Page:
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David Hogg speaks onstage at March For Our Lives in 2018. Photo: Kevin Mazur/Getty Images for March For Our Lives

March for Our Lives, started by student activists who survived the 2018 mass shooting in Parkland, Fla., launched a massive gun control plan Wednesday aimed at kicking off a youth voting surge in 2020.

Why it matters: It was the influential group's first public action since the recent mass shootings in El Paso and Dayton.

The big picture: The sweeping proposal, branded as its "Peace Plan," attempts to push the national conversation on addressing gun violence further than "red flag" laws or universal background checks, which are both solutions that have been mentioned by the White House and congressional leaders.

Highlights from the proposal:

  • Raise the age to buy a gun from 18 to 21.
  • Create a national licensing and gun registry that would include in-person interviews and a 10-day wait before gun purchases are approved.
  • Ban assault weapons and high-capacity magazines.
  • Implement a mandatory gun buyback program.
  • Install a "national director of gun violence prevention" who would report directly to the president.
  • Create a "Safety Corps," similar to the Peace Corps, for gun violence prevention.
  • Create community-based programs for suicide prevention, domestic violence and urban violence.

What they're saying: David Hogg, one of the biggest names from the March for Our Lives movement, tweeted: "We know this seems ambitious given Washington's apathy to decades of bloodshed in our schools, neighborhoods, and even our houses of worship."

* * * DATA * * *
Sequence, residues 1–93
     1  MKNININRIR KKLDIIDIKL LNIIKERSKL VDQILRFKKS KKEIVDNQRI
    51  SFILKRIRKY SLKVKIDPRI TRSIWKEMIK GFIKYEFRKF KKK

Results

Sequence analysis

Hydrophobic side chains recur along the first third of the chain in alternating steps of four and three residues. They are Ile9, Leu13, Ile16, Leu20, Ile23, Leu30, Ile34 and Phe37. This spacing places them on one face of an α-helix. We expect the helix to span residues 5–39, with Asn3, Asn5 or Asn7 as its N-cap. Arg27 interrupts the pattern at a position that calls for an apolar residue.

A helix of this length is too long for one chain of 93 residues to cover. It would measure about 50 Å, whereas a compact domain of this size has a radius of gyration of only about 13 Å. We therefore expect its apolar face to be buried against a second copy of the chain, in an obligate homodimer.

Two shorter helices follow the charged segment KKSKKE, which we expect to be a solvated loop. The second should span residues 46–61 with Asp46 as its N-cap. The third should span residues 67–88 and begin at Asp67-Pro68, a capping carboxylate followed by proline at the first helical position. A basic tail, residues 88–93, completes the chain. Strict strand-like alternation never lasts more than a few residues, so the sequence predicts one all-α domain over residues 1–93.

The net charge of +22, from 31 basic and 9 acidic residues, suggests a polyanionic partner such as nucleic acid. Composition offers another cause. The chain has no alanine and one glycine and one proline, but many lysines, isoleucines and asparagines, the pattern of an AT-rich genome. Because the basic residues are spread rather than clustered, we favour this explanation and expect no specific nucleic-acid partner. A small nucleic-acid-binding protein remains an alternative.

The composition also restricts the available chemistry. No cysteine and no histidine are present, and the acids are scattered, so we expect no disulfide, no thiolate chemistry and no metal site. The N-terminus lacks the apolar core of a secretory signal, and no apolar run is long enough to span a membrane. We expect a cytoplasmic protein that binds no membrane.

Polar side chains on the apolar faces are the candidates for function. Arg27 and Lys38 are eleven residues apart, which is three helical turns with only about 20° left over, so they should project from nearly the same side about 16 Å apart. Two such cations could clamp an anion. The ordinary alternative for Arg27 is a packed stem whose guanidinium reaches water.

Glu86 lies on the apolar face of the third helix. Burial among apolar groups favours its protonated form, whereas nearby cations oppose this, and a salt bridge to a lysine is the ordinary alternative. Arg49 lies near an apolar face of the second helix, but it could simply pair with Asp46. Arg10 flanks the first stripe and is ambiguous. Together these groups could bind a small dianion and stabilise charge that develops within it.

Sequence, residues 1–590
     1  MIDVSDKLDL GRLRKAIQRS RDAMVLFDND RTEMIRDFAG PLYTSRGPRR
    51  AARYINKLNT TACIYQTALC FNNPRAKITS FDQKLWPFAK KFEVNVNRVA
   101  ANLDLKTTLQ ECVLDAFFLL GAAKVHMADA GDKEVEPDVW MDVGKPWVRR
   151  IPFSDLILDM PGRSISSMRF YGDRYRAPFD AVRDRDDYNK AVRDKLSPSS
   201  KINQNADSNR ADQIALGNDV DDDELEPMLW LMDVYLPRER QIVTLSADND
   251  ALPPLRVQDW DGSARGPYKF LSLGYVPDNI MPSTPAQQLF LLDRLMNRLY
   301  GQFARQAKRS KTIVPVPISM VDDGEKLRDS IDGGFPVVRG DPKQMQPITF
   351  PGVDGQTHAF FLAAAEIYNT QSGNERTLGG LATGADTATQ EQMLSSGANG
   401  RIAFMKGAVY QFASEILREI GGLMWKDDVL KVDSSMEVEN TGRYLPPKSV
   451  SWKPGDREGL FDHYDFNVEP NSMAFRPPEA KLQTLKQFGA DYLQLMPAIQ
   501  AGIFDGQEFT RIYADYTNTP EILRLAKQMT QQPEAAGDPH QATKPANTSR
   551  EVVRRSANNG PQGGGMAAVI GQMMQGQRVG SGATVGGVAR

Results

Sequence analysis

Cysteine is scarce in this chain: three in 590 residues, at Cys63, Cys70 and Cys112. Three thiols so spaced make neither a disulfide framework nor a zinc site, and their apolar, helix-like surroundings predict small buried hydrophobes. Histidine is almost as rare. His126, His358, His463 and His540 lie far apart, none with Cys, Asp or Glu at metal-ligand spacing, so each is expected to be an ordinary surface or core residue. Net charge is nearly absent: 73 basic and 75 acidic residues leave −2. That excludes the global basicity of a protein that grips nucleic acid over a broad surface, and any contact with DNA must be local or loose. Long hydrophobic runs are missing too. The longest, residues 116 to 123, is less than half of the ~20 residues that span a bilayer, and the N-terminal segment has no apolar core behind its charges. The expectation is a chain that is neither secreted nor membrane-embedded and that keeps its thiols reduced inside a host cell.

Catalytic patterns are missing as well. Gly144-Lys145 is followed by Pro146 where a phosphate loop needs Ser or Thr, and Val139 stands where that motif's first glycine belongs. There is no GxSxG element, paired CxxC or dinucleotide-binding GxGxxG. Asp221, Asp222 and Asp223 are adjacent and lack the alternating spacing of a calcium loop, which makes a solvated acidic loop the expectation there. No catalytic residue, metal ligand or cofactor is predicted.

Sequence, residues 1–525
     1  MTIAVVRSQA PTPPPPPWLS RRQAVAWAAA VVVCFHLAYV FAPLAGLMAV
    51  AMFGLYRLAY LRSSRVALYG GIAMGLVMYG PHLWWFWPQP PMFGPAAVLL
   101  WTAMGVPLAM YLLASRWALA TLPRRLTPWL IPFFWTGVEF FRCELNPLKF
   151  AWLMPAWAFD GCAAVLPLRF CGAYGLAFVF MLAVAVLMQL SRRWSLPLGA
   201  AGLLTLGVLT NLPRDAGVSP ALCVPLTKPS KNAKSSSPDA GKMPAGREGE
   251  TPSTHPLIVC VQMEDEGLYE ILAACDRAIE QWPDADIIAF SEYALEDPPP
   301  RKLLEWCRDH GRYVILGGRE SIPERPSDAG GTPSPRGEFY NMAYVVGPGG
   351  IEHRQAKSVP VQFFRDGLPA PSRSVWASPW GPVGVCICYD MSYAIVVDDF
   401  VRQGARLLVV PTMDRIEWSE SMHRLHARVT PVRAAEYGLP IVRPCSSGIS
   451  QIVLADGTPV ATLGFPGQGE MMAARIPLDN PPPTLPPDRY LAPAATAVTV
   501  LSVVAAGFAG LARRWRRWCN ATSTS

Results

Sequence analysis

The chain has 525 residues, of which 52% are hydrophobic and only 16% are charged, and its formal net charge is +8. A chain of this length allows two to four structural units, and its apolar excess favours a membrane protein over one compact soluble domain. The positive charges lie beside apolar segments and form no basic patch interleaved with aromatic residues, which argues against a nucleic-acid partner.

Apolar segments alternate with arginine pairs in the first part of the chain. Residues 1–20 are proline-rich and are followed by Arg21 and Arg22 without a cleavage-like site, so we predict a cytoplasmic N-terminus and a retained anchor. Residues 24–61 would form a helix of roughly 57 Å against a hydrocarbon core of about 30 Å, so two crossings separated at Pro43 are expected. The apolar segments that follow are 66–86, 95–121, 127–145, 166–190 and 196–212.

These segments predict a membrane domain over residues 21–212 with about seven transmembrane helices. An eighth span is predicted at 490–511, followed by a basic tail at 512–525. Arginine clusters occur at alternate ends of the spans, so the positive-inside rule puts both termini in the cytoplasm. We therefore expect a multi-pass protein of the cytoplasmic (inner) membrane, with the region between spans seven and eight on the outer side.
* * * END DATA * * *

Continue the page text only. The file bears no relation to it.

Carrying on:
• He added, "Policymakers have failed, so survivors are stepping up. The #PeacePlan is written by the generation that's only ever known lockdown drills. But we WILL be the last."
  • Former Texas Rep. Beto O'Rourke became the first 2020 Democratic presidential candidate to endorse the plan, calling on "everyone else in this race to do the same."

Reality check: Talks between the Trump administration and Congress about acting on gun control solutions have slowed in recent days.

Go deeper: Where 2020 Democrats stand on gun control

Go deeper

Biden gets mixed grades on revolving door

Illustration: Sarah Grillo/Axios

President Biden is getting mixed marks for his reliance on industry insiders to staff his administration during its first 100 days.

Why it matters: Progressives have leaned on the new president to limit the revolving door between industry and government. A new report from the Revolving Door Project praises him on that front but highlights key hires it deems ethically questionable.

Exclusive: Sen. Coons sees new era of bipartisanship on China

Sen. Chris Coons. Photo: Kent Nishimura / Los Angeles Times via Getty Images

The Jan. 6 insurrection was a "shock to the system," propelling members of Congress toward the goal of shoring up America's ability to compete with China, Sen. Chris Coons (D-Del.) told Axios during an interview Thursday.

Why it matters: Competition between China's authoritarian model and the West's liberal democratic one is likely to define the 21st century. A bipartisan response would help the U.S. present a united front.

By the numbers: States weighing voting changes

Data: Brennan Center for Justice at NYU Law; Cartogram: Michelle McGhee/Axios

Georgia is not alone in passing a law adding voting restrictions, but other states are seeing a surge in provisions and proposals that would expand access to the polls, according to data from the Brennan Center for Justice.

Driving the news: Just Wednesday, the New York State Assembly passed a bill to restore voting rights to convicted felons who have been released from prison.